Sluggish Growth in Nonresidential Construction Sectors is at Odds with Growing Nonresidential Construction Spending, May Indicate Contractors Having a Hard Time Finding Qualified Workers to Meet Demand
Construction firms added 19,000 workers in February, as the number of unemployed construction workers was at the lowest February total since the series started in 2000, according to an analysis of new government data by the Associated General Contractors of America. Association officials said, however, that sluggish gains in nonresidential construction employment may reflect the fact contractors are having difficulty finding workers to keep up with growing demand.
“The overall picture for construction employment is very positive with robust job growth and very little unemployment,” said Ken Simonson, the association's chief economist. “Yet it appears that many nonresidential construction firms have run out of people to hire to keep pace with demand for new projects.”
Construction employment totaled 6,631,000 in February, the most since December 2008, and is up by 253,000 jobs compared to a year ago, a 4.0 percent increase. Residential construction increased by 15,900 in February and by 155,100, or 6.4 percent, compared to a year ago. Nonresidential construction employment increased by 3,500 jobs for the month and is up by 98,300 jobs compared to February 2015, a 2.5 percent increase.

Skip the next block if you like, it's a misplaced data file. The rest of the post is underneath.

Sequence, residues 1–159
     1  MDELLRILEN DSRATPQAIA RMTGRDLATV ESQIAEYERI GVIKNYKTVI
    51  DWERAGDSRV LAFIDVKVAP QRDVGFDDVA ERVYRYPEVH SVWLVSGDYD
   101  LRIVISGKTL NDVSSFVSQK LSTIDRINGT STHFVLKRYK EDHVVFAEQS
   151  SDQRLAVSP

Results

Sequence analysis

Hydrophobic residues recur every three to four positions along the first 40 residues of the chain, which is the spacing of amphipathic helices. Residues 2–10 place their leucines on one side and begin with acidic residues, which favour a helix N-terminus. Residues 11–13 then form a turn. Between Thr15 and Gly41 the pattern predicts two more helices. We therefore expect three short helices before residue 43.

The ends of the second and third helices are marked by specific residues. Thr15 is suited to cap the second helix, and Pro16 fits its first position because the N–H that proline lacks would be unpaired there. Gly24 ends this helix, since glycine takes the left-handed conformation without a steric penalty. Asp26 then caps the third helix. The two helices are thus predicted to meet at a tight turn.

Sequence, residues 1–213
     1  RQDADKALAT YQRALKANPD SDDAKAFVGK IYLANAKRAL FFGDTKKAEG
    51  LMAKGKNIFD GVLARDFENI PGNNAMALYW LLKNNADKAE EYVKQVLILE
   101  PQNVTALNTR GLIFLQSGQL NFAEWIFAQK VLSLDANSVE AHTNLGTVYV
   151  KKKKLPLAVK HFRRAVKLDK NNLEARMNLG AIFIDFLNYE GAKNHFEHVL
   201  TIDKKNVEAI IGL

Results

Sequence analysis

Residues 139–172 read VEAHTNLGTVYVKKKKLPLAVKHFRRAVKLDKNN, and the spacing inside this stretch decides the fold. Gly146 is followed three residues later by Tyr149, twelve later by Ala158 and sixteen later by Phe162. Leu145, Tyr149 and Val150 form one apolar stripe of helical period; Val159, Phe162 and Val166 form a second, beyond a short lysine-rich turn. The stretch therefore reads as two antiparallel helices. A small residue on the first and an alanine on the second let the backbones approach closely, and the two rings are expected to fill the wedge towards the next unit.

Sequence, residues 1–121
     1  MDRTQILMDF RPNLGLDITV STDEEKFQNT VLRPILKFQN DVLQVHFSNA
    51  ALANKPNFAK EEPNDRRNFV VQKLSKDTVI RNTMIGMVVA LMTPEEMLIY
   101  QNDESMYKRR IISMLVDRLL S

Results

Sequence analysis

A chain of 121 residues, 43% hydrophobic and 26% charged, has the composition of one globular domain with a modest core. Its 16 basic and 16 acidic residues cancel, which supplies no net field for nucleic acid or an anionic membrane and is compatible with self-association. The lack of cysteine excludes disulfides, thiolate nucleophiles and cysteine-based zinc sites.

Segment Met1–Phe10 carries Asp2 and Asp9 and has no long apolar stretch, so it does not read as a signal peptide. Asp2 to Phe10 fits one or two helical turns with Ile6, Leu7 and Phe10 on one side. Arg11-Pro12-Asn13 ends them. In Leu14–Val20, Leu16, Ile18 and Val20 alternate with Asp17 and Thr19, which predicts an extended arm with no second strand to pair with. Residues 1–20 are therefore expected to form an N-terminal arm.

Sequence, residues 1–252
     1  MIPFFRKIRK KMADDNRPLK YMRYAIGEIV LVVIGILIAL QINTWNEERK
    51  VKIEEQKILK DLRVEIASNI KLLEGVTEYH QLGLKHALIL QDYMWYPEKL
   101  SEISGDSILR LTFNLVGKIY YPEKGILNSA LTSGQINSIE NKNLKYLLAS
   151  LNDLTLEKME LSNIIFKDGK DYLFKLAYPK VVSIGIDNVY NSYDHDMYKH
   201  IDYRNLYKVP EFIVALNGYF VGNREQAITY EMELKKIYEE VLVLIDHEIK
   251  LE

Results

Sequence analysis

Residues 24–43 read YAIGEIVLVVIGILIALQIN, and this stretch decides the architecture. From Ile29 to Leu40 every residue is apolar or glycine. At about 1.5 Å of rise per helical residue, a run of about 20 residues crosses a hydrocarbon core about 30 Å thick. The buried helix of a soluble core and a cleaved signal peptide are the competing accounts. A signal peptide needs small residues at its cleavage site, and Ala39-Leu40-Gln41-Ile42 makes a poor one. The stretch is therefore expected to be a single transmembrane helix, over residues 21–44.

Among nonresidential construction employment categories, the nonresidential building segment expanded by 4,300 in February. And heavy and civil engineering construction firms added 700 jobs last month. But those gains were offset by a decline of 1,500 jobs in the nonresidential specialty trade contractors segment. The relatively small increase in nonresidential construction employment occurred despite the fact the Census Bureau reported on March 1 that spending on nonresidential construction projects increased by 12 percent between January 2015 and 2016.
Meanwhile, the number of unemployed jobseekers in February who last worked in construction totaled 749,000, the lowest February total since the series began in 2000. The unemployment rate for such workers was 8.6 percent, a ten-year low for the month. As the number of unemployed workers continues to decline, construction pay continues to increase, Simonson added, noting that average hourly earnings in construction increased by 2.4 percent during the past twelve months, nearly double the 1.3 percent increase during the previous 12 months.
Association officials said they would continue to push for the measures outlined in the association’s Workforce Development Plan, including steps to make it easier for schools, not-for-profits and firms to establish construction training programs. They added that the measures were needed to begin the process of rebuilding a pipeline for recruiting and preparing new construction workers that has been largely dismantled during the past three decades.
“In our eagerness to send every student to college, our education system has inadvertently signaled that high-paying careers in fields like construction are less than desirable,” said Stephen E. Sandherr, the association’s chief executive officer. “Yet if we give more students multiple paths to success, more of them will graduate from high school and find the right path to fulfilling and rewarding careers.”